• 2013 – improved Bill in Parliament
  • Spring 2014 – Royal Assent
  • September 2014 – reforms go live (meeting original green paper commitment).


There will be a graduated transition over a 3 year period, with the LA responsible for planning that.  All new assessments from September 2014 will be done the new way.  LAs can start doing it this way now, there are no barriers or legal issues with doing it this way.

Change of School Action to SEN Support could be done in 1 term due to the termly review all pupils have.


Questions, Comments, Discussion

  1. In terms of the practitioners being involved in the assessment – how often – and who will be reviewing it to ensure the outcomes are met?  The day-to-day level will be managed by the school, and school governors have a duty to ensure that it is done.  Requirement for an annual (at least) review, and requirements on professionals to co-operate so should see much healthier reviews.  Schools will be co-ordinating the reviews, not the LA.  Schools have always had to manage their process – it is some of the services who will feel the pressure.
  2. How will parents be informed about the changes, and how iwll they be advised to implement the budget to gain the outcomes?  Worked with lots of voluntary organisations who will communicate alongside government.  Will have a Code of Practice for CYP and Parents.  Since the last Code of Practice Parent-Carer Forums have come into play.  Hope published info on local offer will also help.  The LA have to provide support from trained people if parents wish to take the budget up.
  3. Multi-agency work seems to be lowering with a focus instead on SENCo and Schools.  Schools don’t want to exclude children but feel they’ve done all they could and their is a limit of services.  The Local Commissioning Groups, should identify gaps of provision and increase the provision over a number of years.  Not an overnight formula, but should work at the general level of local provision and also individual children.
  4. What support is their for CYP and Parents who don’t have the capacity to engage with the process?  Who will help them?  Parent-Partnership services have held their hands through the progress, there will be an announcement on the theory of key-workers – that needs targeted to the families who you refer to.  We genuinely believe there isn’t a parent out there who doesn’t want the best for their child.  Unlike CAF key workers there will be greater support for these, and will be funded.
  5. Can parents still request an assessment?  Yes, wasn’t clear in the original guidance, made clearer.
  6. All very well, but if professionals not in place how will it work, e.g. physiotherapists and speech therapists aren’t accessible currently.  The market will need to develop and will take time, but sometimes we provide services, e.g. TAs without thinking how to get the best value, rather than using evidence based assessment.  Some children now who are seen as requiring therapy who probably need better support in classrooms.  There will always be issues of quantity and supply, most schools want Educational Psychology time, they’re willing to pay for it but it is still difficult to gain it.  Schools will choose how they spend their money.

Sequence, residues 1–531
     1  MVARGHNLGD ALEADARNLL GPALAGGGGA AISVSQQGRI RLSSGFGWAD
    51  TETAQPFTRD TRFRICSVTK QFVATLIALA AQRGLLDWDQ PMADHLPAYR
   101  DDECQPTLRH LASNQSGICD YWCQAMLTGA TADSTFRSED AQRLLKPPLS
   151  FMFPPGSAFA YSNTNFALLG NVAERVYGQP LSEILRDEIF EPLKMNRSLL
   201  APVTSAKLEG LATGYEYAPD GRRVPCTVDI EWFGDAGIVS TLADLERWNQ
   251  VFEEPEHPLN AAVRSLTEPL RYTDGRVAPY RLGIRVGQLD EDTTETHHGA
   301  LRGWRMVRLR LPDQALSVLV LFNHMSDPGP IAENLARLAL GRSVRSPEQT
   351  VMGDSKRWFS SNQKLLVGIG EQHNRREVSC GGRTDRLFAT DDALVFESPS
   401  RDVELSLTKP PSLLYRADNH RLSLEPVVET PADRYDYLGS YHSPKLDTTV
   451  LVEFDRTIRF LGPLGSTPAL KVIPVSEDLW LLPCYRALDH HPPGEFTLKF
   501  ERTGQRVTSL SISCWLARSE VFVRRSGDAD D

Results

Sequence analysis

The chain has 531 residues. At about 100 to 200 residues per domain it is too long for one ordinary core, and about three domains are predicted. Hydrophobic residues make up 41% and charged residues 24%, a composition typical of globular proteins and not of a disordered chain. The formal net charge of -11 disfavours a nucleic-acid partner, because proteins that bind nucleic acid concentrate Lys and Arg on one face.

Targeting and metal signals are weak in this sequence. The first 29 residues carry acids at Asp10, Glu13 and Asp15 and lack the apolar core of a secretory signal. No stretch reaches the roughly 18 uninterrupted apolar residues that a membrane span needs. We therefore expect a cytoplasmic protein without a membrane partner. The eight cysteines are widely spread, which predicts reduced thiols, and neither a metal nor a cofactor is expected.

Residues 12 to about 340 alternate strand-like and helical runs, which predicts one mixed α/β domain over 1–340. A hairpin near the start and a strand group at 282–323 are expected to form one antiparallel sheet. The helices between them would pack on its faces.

7. Work within Health, hear what you’re saying, want to get into schools, but more cutbacks coming which will challenge it, Commissioners need to talk with Education to resolve this.  The Duty on Health will help this, and CCG’s will have to react.  There are 212 CCGs compared with 252 LAs which will lead to some challenges.
  8. Secondary Governor, in one of the most deprived areas in the country, the concept of trialling for after 16s is critical – we need more apprenticeships – it is only up to firms good will.  Put in place supported internship, expect employers to take on apprentices as per Disability Discrimination Act.  They may require longer time at school to develop basic skills such as literacy, which will have flexibility, especially in the 16-19 Agenda.  One fifth of schools are secondary in the country.
  9. Do parents have a duty to undertake an assessment, do parents have the right to stop an assessment going ahead.  They have the right to voice an opinion if it is requested by the school.  The LA then has to make a decision on whether or not to proceed.  They can proceed without parental permission.  However, it is a long-time since when an LA has done this given the assessments own’t work without parental support.  The LA find that time works – time to dialogue and reach a consensus.
  10. Little confidence that health would engage financially – what power would a key worker have to bring health to the table, and what financial incentive is there for health?  Key workers don’t have powers, they are there to support parents.  DOn’t underestimate the challenge but driven it through the legal framework, so it will happen.  On a general level there are struggles.  There is no funding, but they have t reflect on their priorities – SEN CYP are one of the few groups that have a legal standing as a priority for health care services.
Married to the amazing Sarah and raising Jakey, Daniel, Amelia, Josh & Jonah in our blended family. Passionate for Jesus, social work & sport.